To the younger generations, the 1970s are a time of disco, Nixon, and an oil crisis. This was also a decade of great rock ‘n’ roll music. Rush is a Canadian rock group who got their start in 1971. In 1976 they released their fourth album, “2112,” named after their 20-minute epic song.
The title track is divided into seven parts that tell the story of a man living in a dystopian world in the year 2112. In this world, The Priests of the Temples of Syrinx control every aspect of life, which means the people “never need to wonder how or why.” The man finds a guitar made by “the elder race of man,” learns to play it, then presents his music to the priests, who do not like it.
“2112” surpasses previous Rush songs as well as many they have written since. It also demonstrates the talent and intelligence of the band in creating complex music without sounding over the top.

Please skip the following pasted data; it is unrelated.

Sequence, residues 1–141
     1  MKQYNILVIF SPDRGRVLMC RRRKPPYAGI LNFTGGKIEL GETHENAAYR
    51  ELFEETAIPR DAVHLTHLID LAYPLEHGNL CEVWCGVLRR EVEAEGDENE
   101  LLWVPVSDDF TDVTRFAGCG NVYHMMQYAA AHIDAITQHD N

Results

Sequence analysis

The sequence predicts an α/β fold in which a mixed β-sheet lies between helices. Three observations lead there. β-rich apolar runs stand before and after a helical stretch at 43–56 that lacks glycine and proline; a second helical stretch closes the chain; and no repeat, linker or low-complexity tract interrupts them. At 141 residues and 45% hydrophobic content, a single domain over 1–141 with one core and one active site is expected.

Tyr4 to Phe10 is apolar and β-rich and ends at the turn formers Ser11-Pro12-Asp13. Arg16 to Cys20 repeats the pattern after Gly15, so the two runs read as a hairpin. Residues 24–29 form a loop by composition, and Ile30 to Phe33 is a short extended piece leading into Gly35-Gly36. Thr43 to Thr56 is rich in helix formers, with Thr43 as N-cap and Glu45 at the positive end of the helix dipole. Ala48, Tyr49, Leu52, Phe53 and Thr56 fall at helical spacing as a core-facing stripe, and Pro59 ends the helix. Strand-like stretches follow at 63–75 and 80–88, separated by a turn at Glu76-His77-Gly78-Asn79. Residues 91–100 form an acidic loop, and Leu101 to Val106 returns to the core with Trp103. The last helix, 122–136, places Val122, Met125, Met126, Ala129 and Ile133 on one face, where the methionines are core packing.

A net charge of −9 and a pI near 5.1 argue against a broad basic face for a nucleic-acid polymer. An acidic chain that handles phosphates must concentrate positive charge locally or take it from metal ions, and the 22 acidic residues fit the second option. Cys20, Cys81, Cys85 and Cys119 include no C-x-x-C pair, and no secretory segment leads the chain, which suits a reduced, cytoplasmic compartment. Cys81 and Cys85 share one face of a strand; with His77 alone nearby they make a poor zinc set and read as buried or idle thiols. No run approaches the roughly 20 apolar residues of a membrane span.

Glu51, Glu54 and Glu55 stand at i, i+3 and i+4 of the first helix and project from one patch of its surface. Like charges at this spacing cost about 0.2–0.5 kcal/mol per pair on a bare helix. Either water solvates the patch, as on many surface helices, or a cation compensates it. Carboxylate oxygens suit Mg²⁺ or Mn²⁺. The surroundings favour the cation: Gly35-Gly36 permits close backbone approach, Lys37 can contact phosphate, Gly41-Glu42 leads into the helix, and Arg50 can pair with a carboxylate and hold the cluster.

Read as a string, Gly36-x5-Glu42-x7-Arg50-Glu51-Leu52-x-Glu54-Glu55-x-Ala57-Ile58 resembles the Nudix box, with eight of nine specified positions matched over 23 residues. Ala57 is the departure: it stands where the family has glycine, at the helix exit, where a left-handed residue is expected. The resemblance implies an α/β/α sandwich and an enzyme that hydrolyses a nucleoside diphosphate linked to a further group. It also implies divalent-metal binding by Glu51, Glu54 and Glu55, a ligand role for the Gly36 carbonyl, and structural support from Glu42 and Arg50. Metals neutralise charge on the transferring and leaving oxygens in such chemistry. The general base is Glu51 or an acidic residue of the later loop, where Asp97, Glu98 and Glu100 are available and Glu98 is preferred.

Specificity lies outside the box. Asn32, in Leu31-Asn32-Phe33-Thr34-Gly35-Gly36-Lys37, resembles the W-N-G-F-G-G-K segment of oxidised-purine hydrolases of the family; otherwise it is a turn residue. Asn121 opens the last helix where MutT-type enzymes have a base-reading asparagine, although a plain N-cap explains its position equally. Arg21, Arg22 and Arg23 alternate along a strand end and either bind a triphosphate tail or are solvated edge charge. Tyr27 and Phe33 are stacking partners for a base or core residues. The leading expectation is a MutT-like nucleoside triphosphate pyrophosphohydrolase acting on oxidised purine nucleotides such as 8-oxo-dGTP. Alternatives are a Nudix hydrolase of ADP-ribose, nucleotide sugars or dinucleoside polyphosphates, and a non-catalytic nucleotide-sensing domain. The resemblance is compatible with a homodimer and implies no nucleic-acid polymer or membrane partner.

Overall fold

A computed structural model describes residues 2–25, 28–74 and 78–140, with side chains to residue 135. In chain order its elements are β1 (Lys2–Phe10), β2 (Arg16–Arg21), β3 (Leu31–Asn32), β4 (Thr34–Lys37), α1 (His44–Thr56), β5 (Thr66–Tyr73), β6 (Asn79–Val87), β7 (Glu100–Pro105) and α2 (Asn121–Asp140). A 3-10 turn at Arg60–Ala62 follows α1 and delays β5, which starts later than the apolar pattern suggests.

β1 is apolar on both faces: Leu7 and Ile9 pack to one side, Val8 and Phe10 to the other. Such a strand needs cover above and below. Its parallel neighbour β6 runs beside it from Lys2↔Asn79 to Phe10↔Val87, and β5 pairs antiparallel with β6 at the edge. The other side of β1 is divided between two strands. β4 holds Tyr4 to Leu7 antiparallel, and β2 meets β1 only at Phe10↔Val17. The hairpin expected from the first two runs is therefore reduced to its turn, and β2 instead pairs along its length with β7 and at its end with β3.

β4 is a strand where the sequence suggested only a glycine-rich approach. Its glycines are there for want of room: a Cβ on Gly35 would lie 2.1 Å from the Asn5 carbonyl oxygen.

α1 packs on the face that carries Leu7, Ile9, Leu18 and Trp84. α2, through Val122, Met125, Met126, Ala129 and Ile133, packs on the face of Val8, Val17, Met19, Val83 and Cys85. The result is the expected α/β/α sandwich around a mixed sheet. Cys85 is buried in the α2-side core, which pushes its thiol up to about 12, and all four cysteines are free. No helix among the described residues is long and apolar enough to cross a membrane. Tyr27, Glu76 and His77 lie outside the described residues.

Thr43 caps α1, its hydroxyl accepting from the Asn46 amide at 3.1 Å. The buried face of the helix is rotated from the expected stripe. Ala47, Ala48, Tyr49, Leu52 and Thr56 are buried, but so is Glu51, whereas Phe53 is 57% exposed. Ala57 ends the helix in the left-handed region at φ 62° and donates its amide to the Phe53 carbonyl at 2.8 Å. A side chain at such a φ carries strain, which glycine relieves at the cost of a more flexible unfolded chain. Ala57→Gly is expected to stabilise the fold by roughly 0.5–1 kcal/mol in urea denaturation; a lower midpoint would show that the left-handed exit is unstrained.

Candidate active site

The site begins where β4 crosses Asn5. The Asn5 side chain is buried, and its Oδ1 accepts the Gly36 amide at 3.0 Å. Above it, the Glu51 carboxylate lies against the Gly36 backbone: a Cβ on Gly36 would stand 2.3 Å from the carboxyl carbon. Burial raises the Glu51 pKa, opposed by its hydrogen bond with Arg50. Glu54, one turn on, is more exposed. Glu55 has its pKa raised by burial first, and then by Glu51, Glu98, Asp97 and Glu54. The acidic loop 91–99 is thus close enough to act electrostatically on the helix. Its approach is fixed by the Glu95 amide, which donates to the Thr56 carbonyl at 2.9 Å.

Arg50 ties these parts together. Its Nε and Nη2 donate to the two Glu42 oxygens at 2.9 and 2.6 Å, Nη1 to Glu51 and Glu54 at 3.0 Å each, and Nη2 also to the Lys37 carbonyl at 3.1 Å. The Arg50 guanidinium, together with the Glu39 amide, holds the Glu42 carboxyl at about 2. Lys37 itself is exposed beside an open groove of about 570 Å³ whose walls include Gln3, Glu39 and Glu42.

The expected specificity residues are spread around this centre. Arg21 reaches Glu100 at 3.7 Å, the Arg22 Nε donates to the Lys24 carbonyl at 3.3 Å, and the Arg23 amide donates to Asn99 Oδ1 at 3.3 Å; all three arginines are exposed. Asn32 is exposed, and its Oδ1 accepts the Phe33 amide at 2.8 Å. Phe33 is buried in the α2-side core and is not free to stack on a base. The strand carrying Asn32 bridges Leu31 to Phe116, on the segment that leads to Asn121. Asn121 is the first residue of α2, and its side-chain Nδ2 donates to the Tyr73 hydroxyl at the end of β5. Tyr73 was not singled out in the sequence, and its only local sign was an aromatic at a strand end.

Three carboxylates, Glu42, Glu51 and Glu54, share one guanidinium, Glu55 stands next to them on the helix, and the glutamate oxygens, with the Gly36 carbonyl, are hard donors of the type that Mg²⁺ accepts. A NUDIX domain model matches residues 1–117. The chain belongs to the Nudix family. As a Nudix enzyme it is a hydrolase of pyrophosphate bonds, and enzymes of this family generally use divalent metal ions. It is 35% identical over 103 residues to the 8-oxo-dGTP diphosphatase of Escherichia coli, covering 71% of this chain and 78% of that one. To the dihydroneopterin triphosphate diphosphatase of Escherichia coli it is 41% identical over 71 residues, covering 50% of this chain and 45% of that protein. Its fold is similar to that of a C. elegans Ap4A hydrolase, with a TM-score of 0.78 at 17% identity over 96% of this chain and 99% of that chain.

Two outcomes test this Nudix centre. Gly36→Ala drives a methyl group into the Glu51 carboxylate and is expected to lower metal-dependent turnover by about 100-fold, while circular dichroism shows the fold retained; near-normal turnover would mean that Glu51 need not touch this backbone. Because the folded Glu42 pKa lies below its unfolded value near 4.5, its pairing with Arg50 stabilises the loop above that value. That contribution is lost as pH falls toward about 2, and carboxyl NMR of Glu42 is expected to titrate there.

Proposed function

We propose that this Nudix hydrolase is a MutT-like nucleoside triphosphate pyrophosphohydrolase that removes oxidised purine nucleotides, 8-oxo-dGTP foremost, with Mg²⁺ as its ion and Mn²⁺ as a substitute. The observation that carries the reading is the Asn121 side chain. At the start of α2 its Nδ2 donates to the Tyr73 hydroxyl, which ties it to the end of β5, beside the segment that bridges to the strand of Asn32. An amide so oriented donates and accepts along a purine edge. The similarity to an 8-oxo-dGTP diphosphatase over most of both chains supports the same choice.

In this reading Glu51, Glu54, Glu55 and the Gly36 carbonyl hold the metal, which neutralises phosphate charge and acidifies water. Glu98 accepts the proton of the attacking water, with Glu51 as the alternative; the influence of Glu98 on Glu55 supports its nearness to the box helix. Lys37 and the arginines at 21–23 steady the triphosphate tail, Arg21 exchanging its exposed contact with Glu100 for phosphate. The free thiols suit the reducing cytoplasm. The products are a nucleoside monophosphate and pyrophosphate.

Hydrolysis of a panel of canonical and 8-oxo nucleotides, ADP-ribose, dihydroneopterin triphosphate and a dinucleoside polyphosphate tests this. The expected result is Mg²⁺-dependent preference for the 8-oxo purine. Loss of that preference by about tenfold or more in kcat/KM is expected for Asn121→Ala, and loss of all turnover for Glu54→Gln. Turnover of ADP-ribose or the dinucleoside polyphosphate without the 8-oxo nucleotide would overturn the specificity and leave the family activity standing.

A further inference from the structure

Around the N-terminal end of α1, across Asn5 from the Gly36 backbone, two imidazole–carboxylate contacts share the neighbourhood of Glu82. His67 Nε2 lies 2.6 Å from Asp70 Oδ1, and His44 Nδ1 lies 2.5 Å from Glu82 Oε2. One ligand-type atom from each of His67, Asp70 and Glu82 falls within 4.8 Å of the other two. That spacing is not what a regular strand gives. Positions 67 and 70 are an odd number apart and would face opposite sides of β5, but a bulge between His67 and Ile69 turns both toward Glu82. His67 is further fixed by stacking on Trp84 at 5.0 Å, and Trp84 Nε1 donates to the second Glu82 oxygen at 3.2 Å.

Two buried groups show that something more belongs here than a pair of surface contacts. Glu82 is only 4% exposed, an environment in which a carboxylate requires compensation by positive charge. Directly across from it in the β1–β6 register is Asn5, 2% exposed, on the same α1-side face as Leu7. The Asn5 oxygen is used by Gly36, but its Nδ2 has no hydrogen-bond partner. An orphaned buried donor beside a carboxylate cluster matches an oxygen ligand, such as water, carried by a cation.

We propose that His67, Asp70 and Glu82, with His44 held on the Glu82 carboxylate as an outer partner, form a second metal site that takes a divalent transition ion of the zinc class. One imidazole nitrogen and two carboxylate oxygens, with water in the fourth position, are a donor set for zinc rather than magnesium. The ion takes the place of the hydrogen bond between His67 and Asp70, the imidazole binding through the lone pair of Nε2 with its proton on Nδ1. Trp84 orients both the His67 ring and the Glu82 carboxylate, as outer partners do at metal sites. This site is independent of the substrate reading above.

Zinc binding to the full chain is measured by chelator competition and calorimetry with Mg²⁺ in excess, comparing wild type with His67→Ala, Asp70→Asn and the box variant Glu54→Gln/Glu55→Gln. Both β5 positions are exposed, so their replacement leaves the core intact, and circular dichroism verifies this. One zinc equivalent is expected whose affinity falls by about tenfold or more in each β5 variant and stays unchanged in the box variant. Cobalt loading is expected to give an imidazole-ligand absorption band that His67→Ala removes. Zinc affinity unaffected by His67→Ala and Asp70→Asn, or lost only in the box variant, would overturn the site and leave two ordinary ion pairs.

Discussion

Anyone can appreciate this epic.
Though “2112” dominates over half the album, the other five tracks are almost as good. “The Twilight Zone” has a psychedelic nature, typical of most of the rock music of that time, with an odd and sometimes eerie sound. The track includes concentrated shifts in tempo and mood, with lyrics that reflect the theme of “The Twilight Zone” TV series.
The final song, “Something for Nothing,” is one of the heaviest on the album in terms of style and use of guitar. It also has a clear message tagged by the lyrics “you don’t get something for nothing; you can’t have freedom for free.” “Lessons” has a lighter feel due to the acoustic-sounding electric guitar. This song relates more closely to Rush’s earlier hits like “Fly by Night.”
“2112” is one of Rush’s best-known and defining albums. Though the band may not be the best remembered or most important product of the 1970s, this album is definitely worth listening to and includes some of the greatest rock music of the time